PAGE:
Chobe National Park in northern Botswana, east of the Okavango Delta, is the most diverse park in the country. It is a uniquely subtle landscape of sweeping grasslands and forests supported by an expanse of Kalahari sands. Seasonal floodplains dotted with dense groves of mahogany trees radiate out from the deep blue ribbon that is the Chobe River winding through the northeastern part of the park. Each year the desolation of the dry season is broken when the rains attract back the herds of elephants, giraffes, sable, zebras, buffalo, puku antelope, spoonbills, ibis, storks, baboons, lions, leopards, hyena, jackals, hippos, crocodiles, Pel's fishing owls, carmine bee-eaters and many other birds. Most notably, the density of elephants is greater here than anywhere else in the country, with up to an estimated 50,000 individuals roaming through the park during high season. The photography opportunities are endless with the concentration of wildlife and the predictability of their attraction to the watery areas.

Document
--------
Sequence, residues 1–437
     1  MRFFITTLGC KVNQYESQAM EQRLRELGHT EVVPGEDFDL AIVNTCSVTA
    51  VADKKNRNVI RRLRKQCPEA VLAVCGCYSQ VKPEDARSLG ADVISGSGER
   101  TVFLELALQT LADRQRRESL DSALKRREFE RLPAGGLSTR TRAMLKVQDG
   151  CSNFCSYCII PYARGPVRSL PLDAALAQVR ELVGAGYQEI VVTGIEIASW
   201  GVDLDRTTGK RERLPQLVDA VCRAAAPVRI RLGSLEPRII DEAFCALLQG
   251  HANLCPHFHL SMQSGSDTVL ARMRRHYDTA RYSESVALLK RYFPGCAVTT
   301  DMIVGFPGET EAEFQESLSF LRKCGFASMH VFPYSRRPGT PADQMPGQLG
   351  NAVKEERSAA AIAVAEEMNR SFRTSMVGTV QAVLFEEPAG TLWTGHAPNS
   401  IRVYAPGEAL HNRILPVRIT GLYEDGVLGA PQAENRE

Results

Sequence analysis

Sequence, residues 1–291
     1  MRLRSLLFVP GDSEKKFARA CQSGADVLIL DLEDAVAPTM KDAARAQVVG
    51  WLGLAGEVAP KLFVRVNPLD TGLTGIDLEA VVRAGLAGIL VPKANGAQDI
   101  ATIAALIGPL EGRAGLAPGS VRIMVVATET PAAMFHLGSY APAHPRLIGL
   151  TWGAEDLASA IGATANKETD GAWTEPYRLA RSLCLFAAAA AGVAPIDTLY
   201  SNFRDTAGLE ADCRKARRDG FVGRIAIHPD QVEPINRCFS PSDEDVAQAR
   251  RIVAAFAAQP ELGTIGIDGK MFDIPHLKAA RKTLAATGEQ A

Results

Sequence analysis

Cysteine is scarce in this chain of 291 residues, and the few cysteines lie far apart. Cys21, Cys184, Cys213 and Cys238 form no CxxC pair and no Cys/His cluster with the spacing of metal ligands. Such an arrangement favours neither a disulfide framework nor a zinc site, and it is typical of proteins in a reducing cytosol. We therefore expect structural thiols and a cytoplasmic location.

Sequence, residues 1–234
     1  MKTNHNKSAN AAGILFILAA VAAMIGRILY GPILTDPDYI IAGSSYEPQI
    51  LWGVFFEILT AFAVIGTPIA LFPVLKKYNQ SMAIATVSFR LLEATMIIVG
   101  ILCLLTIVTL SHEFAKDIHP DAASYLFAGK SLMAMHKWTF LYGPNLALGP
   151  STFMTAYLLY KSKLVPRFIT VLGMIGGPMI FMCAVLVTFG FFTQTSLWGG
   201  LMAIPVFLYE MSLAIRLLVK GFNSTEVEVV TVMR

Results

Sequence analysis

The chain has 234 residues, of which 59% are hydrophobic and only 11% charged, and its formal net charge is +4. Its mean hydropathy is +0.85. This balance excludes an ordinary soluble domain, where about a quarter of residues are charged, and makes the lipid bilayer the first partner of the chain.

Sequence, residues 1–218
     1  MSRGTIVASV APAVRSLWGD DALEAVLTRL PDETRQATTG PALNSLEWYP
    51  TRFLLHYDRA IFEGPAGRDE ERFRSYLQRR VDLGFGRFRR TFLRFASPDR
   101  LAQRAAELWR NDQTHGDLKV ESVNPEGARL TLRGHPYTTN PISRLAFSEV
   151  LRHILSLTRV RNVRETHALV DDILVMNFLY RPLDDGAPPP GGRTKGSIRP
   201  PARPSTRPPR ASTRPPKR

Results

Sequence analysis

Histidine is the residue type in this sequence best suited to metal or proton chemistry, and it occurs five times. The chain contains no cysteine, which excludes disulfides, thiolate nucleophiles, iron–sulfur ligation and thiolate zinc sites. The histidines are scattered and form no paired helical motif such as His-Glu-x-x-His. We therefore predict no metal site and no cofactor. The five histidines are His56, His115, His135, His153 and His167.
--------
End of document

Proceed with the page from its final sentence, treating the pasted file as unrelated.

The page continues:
A sunset boat cruise on the Chobe River is right up there on the list of great things to do in Africa.
Game drives in 4x4 vehicles give guests a great chance to explore the wilderness, but don't be surprised if the curious creatures wander right into your campsite or lodge's vicinity. Campgrounds are set back from the main game drive areas and have remained free of fences to help bring visitors closer to their natural surroundings. Private lodges have been established on their own private concessions and these are available both inside and outside of the park's boundaries in the gateway town of Kasane. Access to the area is via road or light aircraft transfer to the more remote areas.